How to Detect and Prevent Telemarketing Scams

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With the advent of smartphones, consumers are urged to beware of a resurgence of online scams, telemarketing scams and breaches of “do not call” legislation. The latest wave adds text messaging to the ways fraudulent telemarketers try to scam thousands of Canadian and U.S. residents each day.

But the Telemarketing Sales Rule and Unsolicited Telecommunications Rule of both countries provide consumers with tools to prevent unsolicited calls, preserve electronic privacy, and reduce the billions of dollars lost to telemarketing fraud each year.

Mobile Phone Scam

Email inboxes were flooded this week with a forwarded message warning that “all cell phone numbers are being released to telemarketing companies”. The message includes a contact to add mobile phones to an official “do not call list”.

The scam begins when consumers call the fraudulent 800 number and are instructed to pay to register their mobile number. Neither U.S. nor Canadian authorities require any fee when registering phones on legitimate Do Not Call Lists. Do not respond to the email without first verifying the information.

Authentic Do Not Call List

The U.S. Federal Trade Commission (FTC) and the Canadian Anti-Fraud Center encourage consumers to register their mobile phone numbers to prevent unsolicited telemarketing calls. Those numbers are:

  • FTC Do Not Call Registry – 1-888-382-1222 or www.donotcall.gov. The FTC urges consumers to call from the phone they wish to register.
  • Canadian Do Not Call List – www.lnnte-dncl.gc.ca/insnum-regnum-eng

It takes from one to three months after registration for telemarketing calls to stop. Any calls received after that can be reported and violators are subject to prosecution. Calls are still legally allowed to come through from:

  1. Telemarketers with whom a business relationship has previously been established
  2. Charities, political parties, and candidates
  3. Newspapers seeking subscribers
  4. Surveys and market research polls
  5. Business to business calls

Dangerous Text Message Scams from Fraudulent Telemarketers

Fraudulent drug companies recently started sending text messages to random cell phone numbers, claiming to offer discounted drugs without prescriptions. The contact info connects the victim with an imposter website asking for credit card information.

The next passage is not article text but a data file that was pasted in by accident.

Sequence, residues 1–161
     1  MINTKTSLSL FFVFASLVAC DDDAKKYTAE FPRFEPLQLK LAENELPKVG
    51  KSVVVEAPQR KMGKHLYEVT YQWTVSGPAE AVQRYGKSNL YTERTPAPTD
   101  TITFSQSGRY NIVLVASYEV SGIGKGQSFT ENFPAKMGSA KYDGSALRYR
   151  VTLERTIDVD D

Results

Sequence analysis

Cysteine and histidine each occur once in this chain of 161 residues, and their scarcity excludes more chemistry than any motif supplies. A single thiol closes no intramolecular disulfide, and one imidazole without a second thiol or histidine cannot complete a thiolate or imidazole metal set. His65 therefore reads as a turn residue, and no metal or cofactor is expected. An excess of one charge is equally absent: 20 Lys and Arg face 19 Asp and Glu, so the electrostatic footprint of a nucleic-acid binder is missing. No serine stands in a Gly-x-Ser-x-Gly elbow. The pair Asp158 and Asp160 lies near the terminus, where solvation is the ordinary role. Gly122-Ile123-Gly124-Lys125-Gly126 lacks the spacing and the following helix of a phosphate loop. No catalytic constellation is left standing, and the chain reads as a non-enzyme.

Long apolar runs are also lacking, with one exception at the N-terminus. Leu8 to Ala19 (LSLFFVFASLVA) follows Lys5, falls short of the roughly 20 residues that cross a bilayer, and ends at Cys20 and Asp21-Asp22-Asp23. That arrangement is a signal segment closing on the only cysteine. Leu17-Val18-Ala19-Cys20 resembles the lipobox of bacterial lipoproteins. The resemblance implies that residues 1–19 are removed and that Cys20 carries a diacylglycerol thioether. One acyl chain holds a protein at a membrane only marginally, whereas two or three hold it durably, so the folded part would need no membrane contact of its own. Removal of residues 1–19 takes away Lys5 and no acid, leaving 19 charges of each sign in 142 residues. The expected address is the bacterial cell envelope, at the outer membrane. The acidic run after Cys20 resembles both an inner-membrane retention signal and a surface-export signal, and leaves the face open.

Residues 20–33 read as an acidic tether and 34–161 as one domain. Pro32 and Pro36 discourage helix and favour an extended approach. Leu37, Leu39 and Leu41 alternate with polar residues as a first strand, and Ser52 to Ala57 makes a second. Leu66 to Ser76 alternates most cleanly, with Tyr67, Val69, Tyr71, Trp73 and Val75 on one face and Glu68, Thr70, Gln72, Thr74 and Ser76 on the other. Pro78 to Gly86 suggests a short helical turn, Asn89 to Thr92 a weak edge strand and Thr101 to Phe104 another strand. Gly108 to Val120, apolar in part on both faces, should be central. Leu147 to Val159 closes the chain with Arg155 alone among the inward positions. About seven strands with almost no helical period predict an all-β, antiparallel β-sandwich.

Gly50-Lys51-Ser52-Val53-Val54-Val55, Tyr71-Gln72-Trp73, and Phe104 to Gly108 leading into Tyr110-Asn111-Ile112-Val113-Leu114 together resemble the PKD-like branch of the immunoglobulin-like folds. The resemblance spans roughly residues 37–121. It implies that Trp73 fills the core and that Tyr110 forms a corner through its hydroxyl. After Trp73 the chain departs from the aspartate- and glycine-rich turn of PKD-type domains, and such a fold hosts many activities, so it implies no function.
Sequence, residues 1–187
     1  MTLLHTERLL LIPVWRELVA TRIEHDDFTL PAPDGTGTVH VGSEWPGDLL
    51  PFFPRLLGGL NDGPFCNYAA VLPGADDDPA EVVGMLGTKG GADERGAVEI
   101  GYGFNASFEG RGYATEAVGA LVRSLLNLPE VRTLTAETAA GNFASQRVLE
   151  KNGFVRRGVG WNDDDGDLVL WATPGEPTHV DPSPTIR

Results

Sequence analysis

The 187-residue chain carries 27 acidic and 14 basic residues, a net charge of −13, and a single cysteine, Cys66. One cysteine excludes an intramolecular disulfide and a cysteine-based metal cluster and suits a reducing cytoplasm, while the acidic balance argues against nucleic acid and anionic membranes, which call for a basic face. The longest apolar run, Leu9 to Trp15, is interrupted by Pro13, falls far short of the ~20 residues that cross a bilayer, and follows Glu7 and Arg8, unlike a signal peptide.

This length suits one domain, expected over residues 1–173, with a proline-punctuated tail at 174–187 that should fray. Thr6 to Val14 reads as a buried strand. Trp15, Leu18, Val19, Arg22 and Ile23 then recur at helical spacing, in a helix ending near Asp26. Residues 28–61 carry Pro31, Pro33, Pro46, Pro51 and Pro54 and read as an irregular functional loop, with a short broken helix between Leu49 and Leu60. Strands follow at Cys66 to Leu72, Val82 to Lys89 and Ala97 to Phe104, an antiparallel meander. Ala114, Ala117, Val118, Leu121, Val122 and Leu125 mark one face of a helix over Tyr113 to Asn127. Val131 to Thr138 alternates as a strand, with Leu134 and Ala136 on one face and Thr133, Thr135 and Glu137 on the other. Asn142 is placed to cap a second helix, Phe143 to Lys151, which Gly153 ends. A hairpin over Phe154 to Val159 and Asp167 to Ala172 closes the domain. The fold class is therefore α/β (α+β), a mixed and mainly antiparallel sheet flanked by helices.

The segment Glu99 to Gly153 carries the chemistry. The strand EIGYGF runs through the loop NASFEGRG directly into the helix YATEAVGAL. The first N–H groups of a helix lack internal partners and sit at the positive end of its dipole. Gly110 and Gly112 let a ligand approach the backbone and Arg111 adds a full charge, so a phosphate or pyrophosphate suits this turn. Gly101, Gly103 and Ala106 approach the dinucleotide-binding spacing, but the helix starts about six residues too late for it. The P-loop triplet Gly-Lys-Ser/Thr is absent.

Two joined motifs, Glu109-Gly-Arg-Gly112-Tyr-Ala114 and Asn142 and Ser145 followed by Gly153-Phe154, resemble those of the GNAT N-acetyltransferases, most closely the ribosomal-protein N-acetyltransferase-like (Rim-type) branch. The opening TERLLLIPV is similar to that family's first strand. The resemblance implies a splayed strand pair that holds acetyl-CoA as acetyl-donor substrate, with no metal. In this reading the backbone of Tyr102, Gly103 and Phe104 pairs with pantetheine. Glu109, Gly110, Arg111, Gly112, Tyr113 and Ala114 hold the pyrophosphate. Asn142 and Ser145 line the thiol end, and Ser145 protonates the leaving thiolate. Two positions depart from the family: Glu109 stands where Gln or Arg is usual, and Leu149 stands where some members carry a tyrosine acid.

These are especially dangerous when directed to mobile phones of minors. Opening the message will incur a charge as only a few cell phone models allow text messages to be deleted without first opening them. Advise minors not to respond to messages from unknown numbers, often appearing as “Withheld” or “Unknown” on mobile screens. Consult cell phone manuals on how to block calls and report suspected fraud to:

  • Canada: Phonebusters – 1-888-495-8501 or www.Cb-bc.gc.ca
  • U.S.: Consumer Sentinel Network – 1-877-701-9595 or 1-877-FTC-HELP

Hang Up on Telemarketing Scams

Both the FTC and Phonebusters advise consumers responding to a call to hang up if the telemarketer insists on an advance payment for a service or product. Any telemarketing calls asking for banking info or received before 8 am or after 9 pm are against the law. A “service scam” occurs when telemarketers pose as mortgage or loan officers, soliciting low interest rates, advance free loans, or offers to repair consumer credit for an advance fee to start the service. Legitimate credit repair and credit services do not ask for payment in advance of services.

Secret Agent or Scammer?

Another cell phone scam became prevalent towards the end of December 2009. Someone posing as an FDA or FTC agent offers to retrieve money lost by the consumer in a previous scam and insists on verifying credit card or banking info to “solve” the case. Consumers should ask the “agent” for contact info, then hang up and report the callers number to Phonebusters or the FTC.

The “prize” or “sweepstakes scam” has also resurfaced for 2010. Consumers are asked to make a purchase to receive a “free” prize. Check the origin of a number through websites like 800Notes.com. Note number and report it.

Granny Scam Plays on Emotions

The “emergency” phone and email scam became prominent in the last two months and plays on the emotions of its victims. The caller or email poses as a family member or family friend. They make a frantic appeal for help, suggesting they are in an emergency, an accident, or legal complications in a foreign country. The consumer is asked to wire money to a foreign city and is warned not to contact other family members for fear of embarrassing the “victim”. This scam is usually played on the elderly with the caller posing as the friend or traveling companion of a grandchild. Wary consumers should insist on verifying the identity of the caller or simply hang up and report number to Phonebusters or the FTC.

Anyone with a mobile or smartphone is subject to telecommunications fraud and online scams, but the informed consumer insures that telemarketers do not call once phones are registered and violators are reported.

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